Ecclesiastes: Eat, drink and enjoy (2:24)

Day 4: Eat, drink and enjoy (2:24)

There is nothing better for a man, than that he should eat and drink, and that he should make his soul enjoy good in his labour. This also I saw, that it was from the hand of God” (2:24).

There is no let up, after establishing that a life of pleasure is pointless. Having acknowledged there was not much he could do following what his predecessor had done to make the most of life under the sun, the Preacher does concede “that wisdom excelleth folly, as far as light excelleth darkness” (2:13), yet despite that “as it happeneth to the fool, so it happeneth even to me and why was I then more wise?” (2:15). Rather gloomily it seems, he picks up on the same point he made in Chapter 1 – the end of the wise and the fool is the same – death, and very soon after that no-one could tell one from the other or even care. He comes to a view: “Therefore I hated life; because the work that is wrought under the sun is grievous unto me: for all is vanity and vexation of spirit” (2:17).

Then he comes to an activity many of us can identify with – the significance of working hard, making the best use of our wisdom, knowledge, and skill, and when it comes to taking a view on accumulating wealth. In the end, we leave what we have to someone who has not earned it and quite possibly to someone who is foolish. While we may dispute the Preacher’s conclusion and argue making good use of our talents etc. is a laudable goal, yet it is still difficult to dispute – “For what hath man of all his labour, and of the vexation of his heart, wherein he hath laboured under the sun? For all his days are sorrows, and his travail grief; yea, his heart taketh not rest in the night. This is also vanity” (2:22,23).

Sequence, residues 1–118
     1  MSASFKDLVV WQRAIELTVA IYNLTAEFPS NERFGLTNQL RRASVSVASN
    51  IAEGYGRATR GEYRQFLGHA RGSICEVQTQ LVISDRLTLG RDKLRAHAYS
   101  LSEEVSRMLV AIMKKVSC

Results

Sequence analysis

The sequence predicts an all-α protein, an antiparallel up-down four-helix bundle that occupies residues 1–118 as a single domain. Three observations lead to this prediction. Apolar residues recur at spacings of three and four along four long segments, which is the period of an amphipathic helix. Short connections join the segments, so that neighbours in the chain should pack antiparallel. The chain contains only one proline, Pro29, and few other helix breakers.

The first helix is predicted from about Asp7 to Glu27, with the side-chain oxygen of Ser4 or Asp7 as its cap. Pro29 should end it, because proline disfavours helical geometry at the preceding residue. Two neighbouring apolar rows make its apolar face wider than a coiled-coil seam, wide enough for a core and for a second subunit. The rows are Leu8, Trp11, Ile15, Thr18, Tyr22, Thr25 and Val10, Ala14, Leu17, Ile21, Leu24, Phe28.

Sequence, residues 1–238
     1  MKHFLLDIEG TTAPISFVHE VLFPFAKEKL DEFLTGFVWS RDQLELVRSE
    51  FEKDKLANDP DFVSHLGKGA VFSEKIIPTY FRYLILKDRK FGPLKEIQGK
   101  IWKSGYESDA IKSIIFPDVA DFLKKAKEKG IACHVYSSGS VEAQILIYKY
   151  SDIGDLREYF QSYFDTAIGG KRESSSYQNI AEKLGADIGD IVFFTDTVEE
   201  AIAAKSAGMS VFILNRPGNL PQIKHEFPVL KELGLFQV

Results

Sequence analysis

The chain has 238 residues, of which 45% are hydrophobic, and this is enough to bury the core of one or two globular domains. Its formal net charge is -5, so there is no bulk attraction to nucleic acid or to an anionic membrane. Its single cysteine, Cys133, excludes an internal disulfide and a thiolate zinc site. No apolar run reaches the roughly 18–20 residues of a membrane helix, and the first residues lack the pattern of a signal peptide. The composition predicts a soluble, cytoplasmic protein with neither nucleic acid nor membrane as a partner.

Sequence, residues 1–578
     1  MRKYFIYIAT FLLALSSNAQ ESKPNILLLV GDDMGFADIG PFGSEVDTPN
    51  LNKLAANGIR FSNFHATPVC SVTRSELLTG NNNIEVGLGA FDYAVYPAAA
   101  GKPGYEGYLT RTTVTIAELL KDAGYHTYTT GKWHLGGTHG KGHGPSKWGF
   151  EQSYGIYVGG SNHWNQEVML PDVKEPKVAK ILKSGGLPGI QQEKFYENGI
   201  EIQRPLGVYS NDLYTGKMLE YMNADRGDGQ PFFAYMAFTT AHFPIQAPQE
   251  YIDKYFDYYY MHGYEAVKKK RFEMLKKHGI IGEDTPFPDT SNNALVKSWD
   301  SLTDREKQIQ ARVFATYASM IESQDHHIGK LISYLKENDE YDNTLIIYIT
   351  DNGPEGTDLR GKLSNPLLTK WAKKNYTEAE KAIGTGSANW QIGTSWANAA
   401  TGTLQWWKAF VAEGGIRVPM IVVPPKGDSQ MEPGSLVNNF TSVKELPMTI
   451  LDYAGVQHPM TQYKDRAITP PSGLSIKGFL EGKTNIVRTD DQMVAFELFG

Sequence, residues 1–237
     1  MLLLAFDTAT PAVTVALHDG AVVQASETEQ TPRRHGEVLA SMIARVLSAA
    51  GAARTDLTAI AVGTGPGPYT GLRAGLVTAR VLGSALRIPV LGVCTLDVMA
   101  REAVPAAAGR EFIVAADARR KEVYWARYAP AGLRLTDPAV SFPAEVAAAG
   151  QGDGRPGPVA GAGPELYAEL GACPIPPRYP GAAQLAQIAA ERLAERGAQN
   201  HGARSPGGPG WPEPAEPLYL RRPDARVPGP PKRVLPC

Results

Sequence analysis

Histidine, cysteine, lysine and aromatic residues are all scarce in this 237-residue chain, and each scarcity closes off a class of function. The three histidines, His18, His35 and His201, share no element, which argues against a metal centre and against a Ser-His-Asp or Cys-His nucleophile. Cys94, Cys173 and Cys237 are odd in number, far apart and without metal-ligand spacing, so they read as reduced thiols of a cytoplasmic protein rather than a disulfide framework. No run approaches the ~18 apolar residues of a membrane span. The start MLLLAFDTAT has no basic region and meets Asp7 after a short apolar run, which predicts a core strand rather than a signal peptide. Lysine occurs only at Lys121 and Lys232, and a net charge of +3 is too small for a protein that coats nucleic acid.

While a more optimistic response is possible when God is brought into the equation, we can begin by going from pessimism to realism, which brings us to today’s text: “The best thing we can do is eat and drink and enjoy what we have earned. And yet, I realized that even this comes from God. How else could you have anything to eat or enjoy yourself at all?” (2:24,25 GNT.) We could take this as a pragmatic view of life. There is a song by one, Bobby McFerrin, that goes “Don’t worry, be happy, In every life we have some trouble, But when you worry you make it double, Don’t worry, be happy, Don’t worry, be happy now” that seems to take a similar view. As for the Preacher, he ends on a positive: “For God giveth to a man that is good in his sight wisdom, and knowledge, and joy: but to the sinner he giveth travail, to gather and to heap up, that he may give to him that is good before God. This also is vanity and vexation of spirit” (2:26).

Prayer: We thank you Lord that your word pulls no punches when it comes to viewing our own labours, but we thank you we can enjoy the fruits thereof.


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